MENDON — Mistakes are magnified when the stakes are high. And when two equally matched football teams collide like they did Saturday at Schwartz Field, just one misstep can be catastrophic.
Mendon’s missed opportunity in the red zone early in the second quarter — a fourth-and-7 pass that fell to the turf — was like swimming in shark-infested waters with an open cut. Muskegon Catholic Central circled and finished the state’s second-ranked team off over the next 30 minutes for a 28-12 victory in the Division 8 regional finals.
It is the second time in as many years MCC (10-2) has knocked off Mendon in regional play, and the sixth-ranked Crusaders now get a crack at undefeated and fourth-ranked New Lothrop in next weekend’s state semifinals.
Second-ranked Mendon (11-1) and MCC each punted twice to open the contest before the Hornets got some traction on their third possession. Mendon’s first two times with the ball yielded just 25 yards on eight plays, with the Crusaders signaling early that rushing yards weren’t going to be surrendered easily.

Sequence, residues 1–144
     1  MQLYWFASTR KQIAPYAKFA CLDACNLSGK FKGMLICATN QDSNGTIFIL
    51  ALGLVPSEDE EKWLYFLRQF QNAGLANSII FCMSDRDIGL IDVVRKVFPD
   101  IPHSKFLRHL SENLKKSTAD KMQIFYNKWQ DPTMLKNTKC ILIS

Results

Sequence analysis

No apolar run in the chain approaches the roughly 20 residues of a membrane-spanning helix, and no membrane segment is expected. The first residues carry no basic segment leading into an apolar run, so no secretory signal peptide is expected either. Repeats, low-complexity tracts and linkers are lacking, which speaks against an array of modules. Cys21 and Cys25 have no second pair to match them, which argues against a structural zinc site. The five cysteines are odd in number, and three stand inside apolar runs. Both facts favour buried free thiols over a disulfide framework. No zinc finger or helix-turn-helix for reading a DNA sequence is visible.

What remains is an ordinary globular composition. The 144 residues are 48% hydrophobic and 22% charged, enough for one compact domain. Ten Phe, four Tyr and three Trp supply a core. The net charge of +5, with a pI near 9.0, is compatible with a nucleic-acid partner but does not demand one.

“We expected that,” Mendon head coach John Schwartz said. “They had some big bodies in there and some speed with the linebackers. We knew we’d have a tough time just running the football and that we’d have to throw it.”
Hornets senior quarterback Robert Riley, who has led the offense this postseason after junior starter Jordan Medich broke his collarbone in the regular season finale, connected twice with senior receiver Kyle Wiswell for a combined 24 yards to position the team near midfield.
Senior Kaleb McCarroll and junior Elijah Klepper traded a several tough, short runs to move Mendon to MCC’s 20-yard line. The Crusaders defense got penetration on third-and-5 from the 15 and pushed McCarroll back for a two-yard loss before Riley’s fourth-down pass to Wiswell failed.
Before the Hornets even had time to lament the fruitless drive, MCC was on the move. Junior running back Blake Sanford exploded down the left sideline for a 53-yard gain to give the Crusaders a first-and-goal from the 5-yard line. Senior Alex Lewandoski did the rest to break the stalemate and give the visitors a 7-0 lead with 3:59 to play in the first half.
Mendon answered with a Riley-Wiswell air show, which featured three completions for 69 yards and a touchdown on a 22-yard play. The Hornets missed the point-after attempt and trailed 7-6.
The Crusaders quickly threatened again, but Mendon junior defensive back Parker Cupp intercepted a Nick Holt pass in the end zone with nine seconds before intermission.